UI researcher, international team date the age of Homo erectus settlement

University of Iowa paleoanthropologist Russell worked with an international team of researchers to date the last known settlement of Homo erectus, on the Indonesian island of Java, called Ngandong.


Riley Davis, News Reporter

After years of uncertainty, University of Iowa paleoanthropologist Russell Ciochon and an international team of researchers are rectifying the age of chronology at the ancient settlement of Ngandong. The site is the last known settlement of Homo erectus, the direct ancestors of modern humans.

Ciochon’s research indicates the extinction of Homo erectus most likely occurred at Ngandong, located on the Indonesian island of Java, because of climate change in the region that transformed dry, woodland environment into rainforest. However, controversy surrounding the site of the extinction concerned the chronology, or the estimated timeframe that the extinction occurred, Ciochon said.

Previous attempts to date the site began in the 1930s, when dating methods were limited, and have since been either inconclusive, unable to yield estimates, or suggestive that the timing of Homo erectus overlapped with that of modern humans, Ciochon said.

“The original excavation occurred before even radiocarbon and uranium series dating were developed,” Ciochon said. “At that time, sites were dated based on relative dating methods such as comparing fauna to other sites on Java and across Asia. From the relative dating, they were able to determine that Ngandong was the youngest site, but not how much younger.”

Ciochon’s research into human evolution on Java started because of its abundance of Homo erectus fossils and other datable material. He initially worked on the oldest Homo erectus site on Java at Sangira and then began his research project involving Ngandong in 2006. His team started excavations in 2008 and continued them in 2010.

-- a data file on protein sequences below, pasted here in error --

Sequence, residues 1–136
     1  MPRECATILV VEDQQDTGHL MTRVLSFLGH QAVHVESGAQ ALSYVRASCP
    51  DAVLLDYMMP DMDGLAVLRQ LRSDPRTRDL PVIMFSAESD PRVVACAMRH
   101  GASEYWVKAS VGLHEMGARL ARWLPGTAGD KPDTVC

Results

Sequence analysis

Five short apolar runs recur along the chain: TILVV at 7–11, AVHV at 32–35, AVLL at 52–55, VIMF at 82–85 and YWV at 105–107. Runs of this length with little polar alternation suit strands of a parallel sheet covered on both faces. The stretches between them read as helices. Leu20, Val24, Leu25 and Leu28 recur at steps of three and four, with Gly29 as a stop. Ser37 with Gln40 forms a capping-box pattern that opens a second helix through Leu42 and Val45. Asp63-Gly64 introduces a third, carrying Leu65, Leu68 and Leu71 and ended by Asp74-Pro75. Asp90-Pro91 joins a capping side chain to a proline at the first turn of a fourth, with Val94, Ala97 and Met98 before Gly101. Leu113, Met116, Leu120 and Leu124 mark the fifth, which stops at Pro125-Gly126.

Ciochon emphasized the importance of involving two of his UI graduate students, Maija E. Sipola and Shelby Putt, in his last excavation of Ngandong.

Putt, now an assistant professor of anthropology at Illinois State University, said in an email to The Daily Iowan that during her time on Java she supervised a unit of the excavation, removed fossils from the bone bed, and was responsible for digitally mapping the site and fossils.

“I am very happy that I had the opportunity to work at Ngandong because it had given me some key insights into human paleontological research that I am now able to share with my own students,” she said. “While working in Indonesia may not have shaped my career ultimately, it was an eye-opening experience and has influenced how I live my life.”

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Geochronologist Kira Westaway from Macquarie University in Sydney, Australia was also on Java in 2008, but missed Ciochon’s team at Ngandong by a few weeks.

The pair eventually met and combined their research projects in 2014 when each realized that the other had conclusive data on components they found inconclusive or lacking in their own research, Westaway said.

“We knew that if we were going to nail the site, it wouldn’t only take a long time to do, but also we had to try a completely different approach than what had been tried before,” Westaway said. “Everything that had been tried before had been kind of scraping close to the edge but not really nailing it, so we really focused on not just the site itself but tried to look at it as a component of a wider landscape.”

The team dated the site of Ngandong and the surrounding river terraces using uranium-series dating, luminescence, 40argon/39argon, and uranium series-electron-spin resonance, Ciochon said. They combined the results from these different methods using Bayesian modeling, he said.

Their study concluded that Ngandong was the youngest known Homo erectus site in the world, and that the age of the fossils found at the site are from 117,000 to 108,000 years ago, Ciochon said.

Homo erectus is a very key ancestor. It sits at the base of evolution and is the mother lineage to all that came later,” he said. “That’s why knowing that Homo erectus persisted is important because it gives us an early ancestor and shows us where we came from.”